But overall rise for 2012 is lowest in 5 years due to supply of new flats
Jan 03, 2013
Prices of HDB resale flats unexpectedly accelerated in the last three months of 2012, rising at their fastest pace for the year.
Estimates from the Housing Board yesterday showed prices climbing 2.5per cent in the three months to Dec31, despite the festive period being a traditionally quieter one for property transactions.
This outstripped third-quarter growth of 2per cent, which itself was considerably higher than the second quarter's 1.3per cent.
But the board's numbers also showed that its resale price index rose an overall 6.6 per cent last year, its slowest pace in five years. In 2011, the index went up 10.7per cent, while in 2010, it surged 14 per cent.
This moderation, said analysts, is due to HDB's aggressive injection of new-flat supply. Last year, it rolled out a record-high 27,000 new Build-To-Order (BTO) flats, easing the pent-up demand that has helped resale prices soar 67 per cent in five years.
However, the acceleration of resale prices in the last quarter of 2012 showed that this effect is tapering off for now, said analysts.
The bulk of new flats are reserved for eligible first-time home buyers, and there is a wait of two to three years before they get their keys. With this group largely satisfied by HDB's ramp-up of BTO supply, demand for resale flats is now being sustained by first-time buyers who need to move in immediately, as well as second-timers, permanent residents and singles, said ERA Realty key executive officer Eugene Lim.
The latter three groups have limited or no access to new flats from HDB at present, though National Development Minister Khaw Boon Wan has said that more new flats for second-timers will be made available this year.
He also said that new flats for singles would be made available in some form this year.
A lack of resale flats being put up for sale is also behind the price-rise momentum, said Mr Lee Sze Teck, senior manager for training, research and consultancy at Dennis Wee Group.
Since 2010, when the minimum occupation period was raised to five years to discourage speculation, "there has been a gradual depletion of available resale flats for sale", he noted.
At the same time, another cooling measure forbids private-property owners from buying an HDB flat without selling their private home, while still allowing HDB owners to buy a private property and keep both.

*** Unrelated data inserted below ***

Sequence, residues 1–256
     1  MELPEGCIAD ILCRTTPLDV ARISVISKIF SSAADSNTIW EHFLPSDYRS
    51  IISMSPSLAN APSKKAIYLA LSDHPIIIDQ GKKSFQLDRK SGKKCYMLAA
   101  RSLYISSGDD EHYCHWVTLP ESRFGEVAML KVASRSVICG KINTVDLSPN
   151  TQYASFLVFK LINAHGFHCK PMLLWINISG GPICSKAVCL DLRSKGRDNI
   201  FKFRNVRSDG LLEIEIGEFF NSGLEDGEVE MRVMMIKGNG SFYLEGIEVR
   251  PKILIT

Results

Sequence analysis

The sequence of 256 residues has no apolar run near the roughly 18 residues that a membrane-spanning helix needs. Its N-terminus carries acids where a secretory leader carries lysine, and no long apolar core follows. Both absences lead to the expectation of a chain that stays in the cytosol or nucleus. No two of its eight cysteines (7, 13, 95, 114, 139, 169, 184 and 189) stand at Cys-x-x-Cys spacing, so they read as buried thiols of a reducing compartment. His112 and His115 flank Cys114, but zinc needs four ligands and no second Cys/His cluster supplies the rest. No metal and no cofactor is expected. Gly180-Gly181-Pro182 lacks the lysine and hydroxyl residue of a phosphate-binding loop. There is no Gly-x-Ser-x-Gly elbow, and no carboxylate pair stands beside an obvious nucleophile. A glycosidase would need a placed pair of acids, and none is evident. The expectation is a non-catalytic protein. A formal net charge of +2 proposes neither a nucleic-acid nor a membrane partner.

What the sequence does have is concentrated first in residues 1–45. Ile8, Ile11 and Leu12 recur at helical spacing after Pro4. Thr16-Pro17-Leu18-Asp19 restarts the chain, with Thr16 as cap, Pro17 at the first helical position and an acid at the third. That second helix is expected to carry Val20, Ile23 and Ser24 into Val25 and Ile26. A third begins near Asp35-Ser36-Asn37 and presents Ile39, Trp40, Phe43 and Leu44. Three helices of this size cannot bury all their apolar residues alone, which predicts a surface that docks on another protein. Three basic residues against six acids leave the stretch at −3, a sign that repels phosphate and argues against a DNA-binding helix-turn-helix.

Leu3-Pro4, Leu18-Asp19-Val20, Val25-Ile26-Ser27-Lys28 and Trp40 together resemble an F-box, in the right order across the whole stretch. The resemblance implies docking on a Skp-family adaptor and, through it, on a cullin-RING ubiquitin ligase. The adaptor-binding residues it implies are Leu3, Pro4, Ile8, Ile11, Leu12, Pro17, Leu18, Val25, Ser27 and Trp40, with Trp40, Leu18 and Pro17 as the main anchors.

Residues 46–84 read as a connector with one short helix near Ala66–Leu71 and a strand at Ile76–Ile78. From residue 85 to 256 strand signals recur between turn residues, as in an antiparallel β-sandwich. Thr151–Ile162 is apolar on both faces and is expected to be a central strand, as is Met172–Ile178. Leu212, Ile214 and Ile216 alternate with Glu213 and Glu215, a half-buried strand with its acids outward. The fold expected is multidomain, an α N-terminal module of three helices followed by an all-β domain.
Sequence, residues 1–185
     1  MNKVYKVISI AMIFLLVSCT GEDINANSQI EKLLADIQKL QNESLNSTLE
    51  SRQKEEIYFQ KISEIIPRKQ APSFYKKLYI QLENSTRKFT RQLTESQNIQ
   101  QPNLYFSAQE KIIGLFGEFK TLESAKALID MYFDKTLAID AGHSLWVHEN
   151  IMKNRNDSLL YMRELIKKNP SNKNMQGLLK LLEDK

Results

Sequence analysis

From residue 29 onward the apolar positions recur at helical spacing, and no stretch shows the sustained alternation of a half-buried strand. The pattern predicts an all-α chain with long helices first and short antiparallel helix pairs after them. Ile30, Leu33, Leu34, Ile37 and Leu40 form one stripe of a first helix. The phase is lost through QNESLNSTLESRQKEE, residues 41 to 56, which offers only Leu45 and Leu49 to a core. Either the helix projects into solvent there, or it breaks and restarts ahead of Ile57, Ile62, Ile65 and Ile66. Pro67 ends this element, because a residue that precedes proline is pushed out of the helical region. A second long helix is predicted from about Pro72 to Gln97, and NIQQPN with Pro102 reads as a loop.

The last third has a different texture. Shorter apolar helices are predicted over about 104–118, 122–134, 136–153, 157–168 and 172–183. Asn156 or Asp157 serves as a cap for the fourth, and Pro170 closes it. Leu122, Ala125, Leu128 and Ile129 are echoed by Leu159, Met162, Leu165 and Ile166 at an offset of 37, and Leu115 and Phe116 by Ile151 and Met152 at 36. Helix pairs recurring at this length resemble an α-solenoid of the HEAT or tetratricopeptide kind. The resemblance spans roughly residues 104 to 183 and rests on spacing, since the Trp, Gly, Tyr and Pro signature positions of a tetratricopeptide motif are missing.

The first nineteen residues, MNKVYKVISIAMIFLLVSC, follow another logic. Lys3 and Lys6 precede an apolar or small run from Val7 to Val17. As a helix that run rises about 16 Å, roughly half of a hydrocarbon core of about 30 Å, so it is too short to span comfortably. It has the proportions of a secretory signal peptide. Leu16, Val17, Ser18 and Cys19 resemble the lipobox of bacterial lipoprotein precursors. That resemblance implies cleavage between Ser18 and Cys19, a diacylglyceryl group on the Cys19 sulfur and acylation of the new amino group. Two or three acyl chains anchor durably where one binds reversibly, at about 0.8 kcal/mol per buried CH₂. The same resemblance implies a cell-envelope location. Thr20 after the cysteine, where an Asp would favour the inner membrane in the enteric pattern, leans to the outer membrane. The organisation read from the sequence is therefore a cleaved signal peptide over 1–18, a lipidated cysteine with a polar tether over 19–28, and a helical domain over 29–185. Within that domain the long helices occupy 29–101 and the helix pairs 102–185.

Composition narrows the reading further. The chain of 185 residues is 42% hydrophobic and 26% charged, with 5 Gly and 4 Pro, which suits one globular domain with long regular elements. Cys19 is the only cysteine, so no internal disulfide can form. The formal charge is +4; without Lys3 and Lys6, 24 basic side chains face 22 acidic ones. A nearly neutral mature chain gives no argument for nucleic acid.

This, coupled with rising rentals commanded by HDB units, made many hold onto their HDB flats to sub-let, said Mr Lee, rather than sell them when they buy another property.
The number of HDB units approved for sub-letting has surged 80 per cent from 24,000 in 2009 to 43,000 as of the third quarter of last year.
This shrinkage in resale-flat supply - sales transactions fell by a quarter to 25,000 in 2011 from 32,000 in 2010 - will likely ease only in two or three years when those waiting for new flats get their keys and release their current units to the resale market, said PropNex Realty chief executive Mohamed Ismail.
"Whatever can be done with the launch of new flats has been done," he added. "Price growth will stay strong for resale flats at least into the first half of 2013."
Last year, a Queenstown executive flat crossed $1 million for the first time, while seven other flats commanded more than $200,000 in cash-over-valuation.
Meanwhile, HDB said it would launch at least 3,000 more new flats this year than originally planned. In total, it will roll out at least 23,000 new flats in the coming 12 months, it added.
A first batch of 3,346 flats in Choa Chu Kang, Yishun, Hougang, Tampines, Kallang Whampoa and Ang Mo Kio will be offered for sale later this month.
Martin Koh | 86666 944 | R020968Z
Sherry Tang | 9844 4400 | R020241C
Senior Sales Director
DTZ Debenham Tie Leung (SEA) Pte Ltd (L3006301G)
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